The nation's largest school system has won the country's top prize in public education, which honors an urban district with the greatest student improvement and most success reducing achievement gaps among the poor and minorities.
The New York City school system of 1 million students was awarded the largest share of the $1 million Broad Prize for Public Education, handed out annually by The Eli and Edythe Broad Foundation. It will receive $500,000 in college scholarships for graduating high school seniors.
Eli Broad said in a statement that New York is "a model of successful urban school district reform."
The four other finalist school districts each won $125,000 in scholarships. They are in Bridgeport, Conn., Long Beach, Calif., Miami-Dade County, Fla., and San Antonio.
Announcement in D.C.
U.S. Education Secretary Margaret Spellings was to join philanthropist Broad in Washington Tuesday for the announcement. Former Secretary of State Colin Powell and House Speaker Nancy Pelosi were to speak at the event.
New York City had not yet been notified it was the winner, but when asked about the possibility, Schools Chancellor Joel Klein said in an interview that the top prize "shines the spotlight on our work and does help us continue, puts wind to our back for the additional changes we want to make and the things we need to do."
A panel selected the finalists out of 100 districts, based on data compiled and analyzed by MPR Associates, Inc., a national education research consulting firm.
To choose the winner, teams visited each finalist district last spring to interview administrators, observe classrooms and conduct focus groups with teachers and parents. Those research teams also talked to community leaders and union representatives.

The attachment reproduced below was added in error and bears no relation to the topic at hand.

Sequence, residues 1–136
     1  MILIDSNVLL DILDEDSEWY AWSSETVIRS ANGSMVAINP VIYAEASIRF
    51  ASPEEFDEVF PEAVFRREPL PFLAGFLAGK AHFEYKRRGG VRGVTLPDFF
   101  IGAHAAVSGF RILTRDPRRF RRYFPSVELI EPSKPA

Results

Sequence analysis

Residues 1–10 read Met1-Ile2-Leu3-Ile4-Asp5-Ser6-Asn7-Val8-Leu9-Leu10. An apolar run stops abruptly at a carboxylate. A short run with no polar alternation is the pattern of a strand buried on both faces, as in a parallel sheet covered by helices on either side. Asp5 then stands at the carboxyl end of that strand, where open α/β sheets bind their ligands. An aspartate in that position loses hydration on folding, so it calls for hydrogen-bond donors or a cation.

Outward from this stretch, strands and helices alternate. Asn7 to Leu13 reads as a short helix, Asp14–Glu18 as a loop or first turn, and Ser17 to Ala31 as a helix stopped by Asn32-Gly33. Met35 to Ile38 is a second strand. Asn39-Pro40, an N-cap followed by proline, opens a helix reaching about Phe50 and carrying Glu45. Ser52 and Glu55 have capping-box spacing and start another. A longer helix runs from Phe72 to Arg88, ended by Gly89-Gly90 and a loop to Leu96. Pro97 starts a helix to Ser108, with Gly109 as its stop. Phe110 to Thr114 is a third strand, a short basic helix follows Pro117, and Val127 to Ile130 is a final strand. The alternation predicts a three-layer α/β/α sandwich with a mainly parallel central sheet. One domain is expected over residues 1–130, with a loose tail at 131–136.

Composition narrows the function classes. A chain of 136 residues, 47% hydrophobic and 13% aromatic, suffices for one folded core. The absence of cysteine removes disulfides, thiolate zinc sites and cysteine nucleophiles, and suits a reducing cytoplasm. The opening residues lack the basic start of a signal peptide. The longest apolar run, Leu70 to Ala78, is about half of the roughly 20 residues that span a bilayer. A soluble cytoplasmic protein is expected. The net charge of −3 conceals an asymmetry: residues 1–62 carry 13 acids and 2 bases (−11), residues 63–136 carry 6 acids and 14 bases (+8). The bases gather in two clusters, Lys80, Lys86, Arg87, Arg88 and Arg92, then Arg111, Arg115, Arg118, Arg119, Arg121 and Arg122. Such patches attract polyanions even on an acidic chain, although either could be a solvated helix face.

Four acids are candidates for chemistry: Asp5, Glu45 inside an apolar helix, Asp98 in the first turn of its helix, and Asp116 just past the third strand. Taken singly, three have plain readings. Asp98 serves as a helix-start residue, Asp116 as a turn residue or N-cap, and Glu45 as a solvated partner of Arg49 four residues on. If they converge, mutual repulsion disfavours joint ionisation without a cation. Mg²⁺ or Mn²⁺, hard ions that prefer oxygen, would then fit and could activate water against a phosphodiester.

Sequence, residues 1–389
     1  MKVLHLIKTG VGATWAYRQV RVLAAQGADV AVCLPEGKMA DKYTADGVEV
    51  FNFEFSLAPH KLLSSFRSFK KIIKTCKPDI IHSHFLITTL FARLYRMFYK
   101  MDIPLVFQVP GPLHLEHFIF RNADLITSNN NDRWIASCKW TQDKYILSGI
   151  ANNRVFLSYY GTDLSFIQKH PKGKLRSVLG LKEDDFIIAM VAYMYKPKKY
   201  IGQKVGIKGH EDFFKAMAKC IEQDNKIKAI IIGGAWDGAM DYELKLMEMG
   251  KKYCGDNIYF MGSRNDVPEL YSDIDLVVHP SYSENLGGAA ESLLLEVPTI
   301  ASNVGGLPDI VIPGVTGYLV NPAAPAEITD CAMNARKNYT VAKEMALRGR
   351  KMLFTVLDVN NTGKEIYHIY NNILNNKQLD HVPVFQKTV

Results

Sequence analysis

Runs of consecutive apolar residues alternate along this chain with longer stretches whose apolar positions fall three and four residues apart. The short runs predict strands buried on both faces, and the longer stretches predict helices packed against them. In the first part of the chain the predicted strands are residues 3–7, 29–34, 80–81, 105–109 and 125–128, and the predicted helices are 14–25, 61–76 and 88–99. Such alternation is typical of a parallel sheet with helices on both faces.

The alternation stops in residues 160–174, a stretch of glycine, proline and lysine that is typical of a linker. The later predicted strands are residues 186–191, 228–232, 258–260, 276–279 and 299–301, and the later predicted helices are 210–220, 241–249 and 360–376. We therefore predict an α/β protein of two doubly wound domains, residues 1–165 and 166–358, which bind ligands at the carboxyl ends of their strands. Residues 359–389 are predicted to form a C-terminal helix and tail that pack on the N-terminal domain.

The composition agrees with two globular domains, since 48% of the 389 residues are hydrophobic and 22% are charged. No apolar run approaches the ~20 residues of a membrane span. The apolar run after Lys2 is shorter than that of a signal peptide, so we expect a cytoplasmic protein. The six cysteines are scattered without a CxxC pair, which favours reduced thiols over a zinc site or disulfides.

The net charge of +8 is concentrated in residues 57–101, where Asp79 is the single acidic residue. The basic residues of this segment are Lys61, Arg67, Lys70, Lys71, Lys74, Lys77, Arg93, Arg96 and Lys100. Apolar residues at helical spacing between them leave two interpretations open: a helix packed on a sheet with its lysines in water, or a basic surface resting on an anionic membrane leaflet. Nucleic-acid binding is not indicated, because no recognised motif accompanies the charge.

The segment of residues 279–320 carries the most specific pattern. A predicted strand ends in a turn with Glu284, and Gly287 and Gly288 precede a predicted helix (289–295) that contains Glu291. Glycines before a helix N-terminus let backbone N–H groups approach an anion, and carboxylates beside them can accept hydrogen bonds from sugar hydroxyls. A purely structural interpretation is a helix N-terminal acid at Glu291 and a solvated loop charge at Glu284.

A non-partisan jury of nine people from government, business, education and public service then reviewed the performance data and the information from site visits.
Reading, math scores stood out
The Broad Foundation said New York City, with its 1,450 schools, 80,000 teachers and annual budget of $17 billion, stood out for several reasons. On reading and math in all grades in 2006, it outperformed other districts in the state that serve students at similar income levels, according to Broad methodology.
The city's poor students and its black and Hispanic pupils also outperformed their peers in comparable districts. The student body is 39 percent Hispanic, 32 percent black, 14 percent white and 13 percent Asian.
New York was also heralded for progress it has shown in closing the achievement gap for Hispanic children in high school and elementary reading and math, compared with whites. More black and Hispanic children are also taking the SAT exam, the foundation noted.
New York Mayor Michael Bloomberg has said wants to be held accountable for his education record above anything else. In his first term, he wrestled away control of the school system, putting it under mayoral authority, and has been in charge for nearly seven years.
The city's education system is hardly perfect. While the overall graduation rate is inching upward, still roughly half of New York City high school students do not graduate in four years.
"New York City still maintains dismally low graduation rates, especially for black and Latino students, and the Department of Education has failed to engage parents," said Public Advocate Betsy Gotbaum, a vocal critic of Bloomberg's reforms. "If we are No. 1 in terms of achievement, it's pretty sad news for the rest of the nation."